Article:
The legal battle between Gucci and Guess in respect of Gucci’s claims of trademark violation by Guess is never-ending and well known to the fashion enthusiasts of both the luxury Italian label and the American clothing company. In 2009 The House of Gucci sued Guess Inc. claiming that it “Gucci-ized” many of its products by copying Gucci’s trademarked designs on wallets, belts, shoes and other items. In 2012 a U.S. District Court ruled in favour of Gucci and awarded the fashion powerhouse $4.66 million in respect of four trademark infringement claims: (i) Gucci’s green-red-green stripe mark; (ii) a script logo (the repeating GG pattern); (iii) a stylized “Square G”; and (iv) a group of four interlocking “G”s known as a “Quattro G.”
Even though Gucci walked away victorious, the pay-out was small considering that Gucci’s initial claim was for the sum of $124 million. Two issues appear to have weakened Gucci’s law suit. In the first place the judge noted that Guess was founded in 1981 and started producing the designs in question around 1995. It was impossible for Gucci to have been ignorant of Guess’ designs until 2009, that is, the date of filing of the law suit, especially since the Gucci and Guess stores were, very often, located close to each other in the same mall. Secondly, the judge concluded that “courts have uniformly restricted trademark counterfeiting claims to those situations where entire products have been copied stitch-for-stitch.” Therefore the court concluded that Guess had diluted Gucci’s logos, rather than counterfeited them.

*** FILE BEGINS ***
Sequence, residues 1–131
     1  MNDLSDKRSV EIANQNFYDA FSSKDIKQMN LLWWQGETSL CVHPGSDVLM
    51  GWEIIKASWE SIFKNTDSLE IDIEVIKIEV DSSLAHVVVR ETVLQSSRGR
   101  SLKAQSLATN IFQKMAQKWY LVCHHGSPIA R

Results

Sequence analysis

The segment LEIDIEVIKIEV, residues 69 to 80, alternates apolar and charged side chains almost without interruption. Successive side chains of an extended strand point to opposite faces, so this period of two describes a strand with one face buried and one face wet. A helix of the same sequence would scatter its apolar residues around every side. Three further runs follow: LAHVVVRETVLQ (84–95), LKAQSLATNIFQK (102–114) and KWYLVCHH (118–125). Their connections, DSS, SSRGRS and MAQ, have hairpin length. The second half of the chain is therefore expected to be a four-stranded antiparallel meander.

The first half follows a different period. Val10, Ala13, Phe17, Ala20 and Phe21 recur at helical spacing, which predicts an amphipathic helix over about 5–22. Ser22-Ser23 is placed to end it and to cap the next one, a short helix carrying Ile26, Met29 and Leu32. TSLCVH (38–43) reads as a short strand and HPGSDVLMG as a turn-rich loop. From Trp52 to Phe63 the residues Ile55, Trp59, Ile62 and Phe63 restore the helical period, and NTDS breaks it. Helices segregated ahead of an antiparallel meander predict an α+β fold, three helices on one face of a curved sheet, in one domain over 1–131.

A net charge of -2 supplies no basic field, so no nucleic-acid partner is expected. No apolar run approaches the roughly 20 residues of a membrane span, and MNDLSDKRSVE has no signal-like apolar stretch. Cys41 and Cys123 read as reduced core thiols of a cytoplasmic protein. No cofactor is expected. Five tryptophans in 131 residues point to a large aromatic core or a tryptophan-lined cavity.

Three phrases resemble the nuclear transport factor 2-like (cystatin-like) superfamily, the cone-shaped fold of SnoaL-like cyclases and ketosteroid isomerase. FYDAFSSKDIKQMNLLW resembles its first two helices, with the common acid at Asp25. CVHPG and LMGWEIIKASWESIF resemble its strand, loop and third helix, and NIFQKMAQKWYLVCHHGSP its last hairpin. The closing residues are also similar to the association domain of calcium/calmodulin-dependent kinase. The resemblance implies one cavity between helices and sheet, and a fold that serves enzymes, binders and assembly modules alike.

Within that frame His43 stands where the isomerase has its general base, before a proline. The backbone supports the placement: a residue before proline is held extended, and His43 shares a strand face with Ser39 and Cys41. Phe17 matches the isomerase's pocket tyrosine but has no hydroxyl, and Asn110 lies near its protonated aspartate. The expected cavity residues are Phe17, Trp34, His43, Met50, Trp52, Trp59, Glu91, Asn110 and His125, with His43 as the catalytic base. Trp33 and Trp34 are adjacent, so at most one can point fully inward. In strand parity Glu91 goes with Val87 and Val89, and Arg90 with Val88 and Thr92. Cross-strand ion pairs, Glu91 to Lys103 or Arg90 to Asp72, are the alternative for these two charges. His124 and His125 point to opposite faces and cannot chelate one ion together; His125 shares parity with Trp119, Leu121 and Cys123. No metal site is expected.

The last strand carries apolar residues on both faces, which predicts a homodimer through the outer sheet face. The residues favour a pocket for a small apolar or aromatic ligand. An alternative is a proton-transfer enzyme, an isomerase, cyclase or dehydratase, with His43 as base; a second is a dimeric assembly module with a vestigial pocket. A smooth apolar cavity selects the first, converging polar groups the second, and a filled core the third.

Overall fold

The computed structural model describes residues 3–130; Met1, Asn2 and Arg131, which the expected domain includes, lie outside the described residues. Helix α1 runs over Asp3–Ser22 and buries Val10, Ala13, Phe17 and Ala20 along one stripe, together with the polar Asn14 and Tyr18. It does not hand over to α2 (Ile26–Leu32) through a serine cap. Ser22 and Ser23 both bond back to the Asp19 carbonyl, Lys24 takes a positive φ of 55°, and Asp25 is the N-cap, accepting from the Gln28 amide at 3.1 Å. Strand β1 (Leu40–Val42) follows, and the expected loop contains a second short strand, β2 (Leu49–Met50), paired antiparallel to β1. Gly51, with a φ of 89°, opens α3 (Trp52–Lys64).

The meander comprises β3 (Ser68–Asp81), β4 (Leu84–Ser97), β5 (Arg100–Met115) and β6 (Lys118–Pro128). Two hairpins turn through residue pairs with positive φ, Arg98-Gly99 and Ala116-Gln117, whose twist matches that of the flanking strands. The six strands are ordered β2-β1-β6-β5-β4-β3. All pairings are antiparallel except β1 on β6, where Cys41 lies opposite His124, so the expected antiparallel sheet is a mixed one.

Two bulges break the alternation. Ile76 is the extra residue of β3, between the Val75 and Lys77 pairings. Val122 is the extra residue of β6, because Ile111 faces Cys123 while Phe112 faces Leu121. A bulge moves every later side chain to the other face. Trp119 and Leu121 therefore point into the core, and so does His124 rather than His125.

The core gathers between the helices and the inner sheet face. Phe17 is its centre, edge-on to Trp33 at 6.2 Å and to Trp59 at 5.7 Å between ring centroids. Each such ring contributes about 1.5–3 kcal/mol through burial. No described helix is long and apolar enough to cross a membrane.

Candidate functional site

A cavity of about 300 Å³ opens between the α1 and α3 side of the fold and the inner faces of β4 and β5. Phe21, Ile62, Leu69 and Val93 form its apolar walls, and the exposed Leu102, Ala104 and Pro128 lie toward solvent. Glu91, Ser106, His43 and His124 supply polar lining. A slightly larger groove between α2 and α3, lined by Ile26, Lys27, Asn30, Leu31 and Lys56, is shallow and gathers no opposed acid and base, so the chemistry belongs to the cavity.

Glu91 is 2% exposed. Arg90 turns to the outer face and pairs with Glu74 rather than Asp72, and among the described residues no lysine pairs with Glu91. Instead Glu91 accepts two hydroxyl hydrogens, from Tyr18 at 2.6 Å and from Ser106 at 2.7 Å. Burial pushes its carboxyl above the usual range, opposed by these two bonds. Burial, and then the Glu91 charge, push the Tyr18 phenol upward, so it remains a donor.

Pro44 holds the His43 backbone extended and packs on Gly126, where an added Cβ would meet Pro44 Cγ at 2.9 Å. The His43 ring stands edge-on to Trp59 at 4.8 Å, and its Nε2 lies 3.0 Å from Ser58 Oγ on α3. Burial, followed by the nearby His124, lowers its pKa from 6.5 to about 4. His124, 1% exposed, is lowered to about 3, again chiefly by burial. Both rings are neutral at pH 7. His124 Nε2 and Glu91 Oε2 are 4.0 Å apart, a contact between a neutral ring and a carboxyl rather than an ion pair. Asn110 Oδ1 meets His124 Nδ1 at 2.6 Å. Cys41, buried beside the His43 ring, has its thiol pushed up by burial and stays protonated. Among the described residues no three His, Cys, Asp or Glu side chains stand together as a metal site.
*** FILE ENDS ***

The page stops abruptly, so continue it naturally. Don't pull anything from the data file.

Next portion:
LV v. Haute Diggity Dog – Hot Dogs and Handbags
Louis Vuitton is the world’s most valuable luxury brand with a brand value of $29.9 billion as of November 2014. Its products range from handbags and shoes, to watches, jewellery and chic accessories. What is it that makes the brand easily recognisable? The famous “LV” monogram of course. Aside from the trade name “Louis Vuitton”, other notable registered trademarks include the interlocking LV initials in a circle design, the LV initials and Monogram Canvas Design, LOUIS VUITTON MALLETIER A PARIS in Rectangle Design and the LV initials Brass Lock Design.